All-Star Cast: Between the Muppets themselves and all the cameos...
Including, behind the scenes, Tim Burton and John Landis, who were amongst the numerous people called in to operate the Muppets for the final number.
Deleted Scenes: Statler and Waldorf popping up at random points in the movie.
A slightly longer version of the Kermit-Fozzie dance number in the El Sleazo Cafe.
An extended version of Doc Hopper's commercial.
An extra verse in both "Movin' Right Along" and "I Hope That Something Better Comes Along."
A more in-depth version of the reading of the screenplay (including a reference to "a large yellow bird").
A longer conversation between Doc Hopper and Max before they encountered the rainbow-colored studebaker.
Gonzo's reasons for hitting Fozzie's studebaker were originally different. Doc Hopper, while eating breakfast in the back of his limousine, accidentally sprayed a bottle of maple syrup onto his clothes. He attempted to clean the mess up with some tissues, but those ultimately got stuck to his suit. Eventually, tissue-covered Doc somewhat resembled a giant chicken, which distracted Gonzo.
Kermit and Piggy on a Hawaiian honeymoon during the "Never Before, Never Again" montage.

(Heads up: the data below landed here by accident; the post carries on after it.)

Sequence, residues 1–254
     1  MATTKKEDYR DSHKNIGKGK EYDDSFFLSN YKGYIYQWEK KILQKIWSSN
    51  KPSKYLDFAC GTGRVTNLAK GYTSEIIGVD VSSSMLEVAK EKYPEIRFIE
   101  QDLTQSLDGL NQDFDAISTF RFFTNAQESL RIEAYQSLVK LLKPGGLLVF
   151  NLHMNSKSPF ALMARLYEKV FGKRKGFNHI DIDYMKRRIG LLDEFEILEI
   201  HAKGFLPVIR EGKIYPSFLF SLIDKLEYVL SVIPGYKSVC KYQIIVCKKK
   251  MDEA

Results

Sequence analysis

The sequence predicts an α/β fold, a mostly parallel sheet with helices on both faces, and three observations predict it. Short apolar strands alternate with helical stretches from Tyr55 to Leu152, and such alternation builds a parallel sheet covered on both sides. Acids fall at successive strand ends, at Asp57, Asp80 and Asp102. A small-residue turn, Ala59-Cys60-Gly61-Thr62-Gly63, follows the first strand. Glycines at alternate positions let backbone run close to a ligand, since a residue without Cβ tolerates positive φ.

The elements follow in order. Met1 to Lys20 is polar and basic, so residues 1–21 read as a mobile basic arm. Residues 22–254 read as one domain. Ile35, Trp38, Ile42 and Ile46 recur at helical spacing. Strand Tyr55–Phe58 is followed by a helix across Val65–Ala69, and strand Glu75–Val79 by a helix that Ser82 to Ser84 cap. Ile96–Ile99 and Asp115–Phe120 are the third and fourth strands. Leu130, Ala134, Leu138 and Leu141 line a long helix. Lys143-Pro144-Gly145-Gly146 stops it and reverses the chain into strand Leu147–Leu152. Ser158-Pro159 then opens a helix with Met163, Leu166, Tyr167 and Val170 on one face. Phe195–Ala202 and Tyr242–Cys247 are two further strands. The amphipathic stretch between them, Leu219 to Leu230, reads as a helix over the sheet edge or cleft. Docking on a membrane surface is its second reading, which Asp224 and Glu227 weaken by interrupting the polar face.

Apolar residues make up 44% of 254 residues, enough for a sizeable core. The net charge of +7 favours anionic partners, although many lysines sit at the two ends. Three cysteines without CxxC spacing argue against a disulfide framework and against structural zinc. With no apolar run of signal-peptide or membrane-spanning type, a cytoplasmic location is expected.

Sam the Eagle appearing on a sign that reads "Keep America Clean."
In Memoriam: The movie is "dedicated to the memory and magic of Edgar Bergen", who'd died shortly after filming his cameo appearance in 1978, and who was a major influence on Jim's early work.
Reality Subtext: Edgar Bergen and Charlie McCarthy made their last appearance in the film - Henson was inspired to make the Muppets because of him. Bergen died not long after his scene was shot, and the film is dedicated to him.
Talking to Himself: One of the benefits of this and the other feature films was the opportunity it afforded for characters like Jim Henson's Kermit and Rowlf, Frank Oz's Piggy and Fozzie, etc., to interact in a way that wasn't always technically feasible on television.
Jim Henson wanted Doc Hopper to have a Heel–Face Turn at the end, but Frank Oz disagreed, and won out.
Max was initially a minor character. Austin Pendleton was offered the role, but initially turned it down, feeling the part was too small. Director James Frawley rewrote the Max character, and about a week later, convinced Pendleton to appear in the movie.
"Never Before, Never Again" was originally supposed to have been sung by Johnny Mathis. After Mathis recorded the song, Jim Henson figured it would be much funnier if Miss Piggy sang it. But Mathis' version of the song wouldn't go to waste - it was featured in the television special The Muppets Go Hollywood.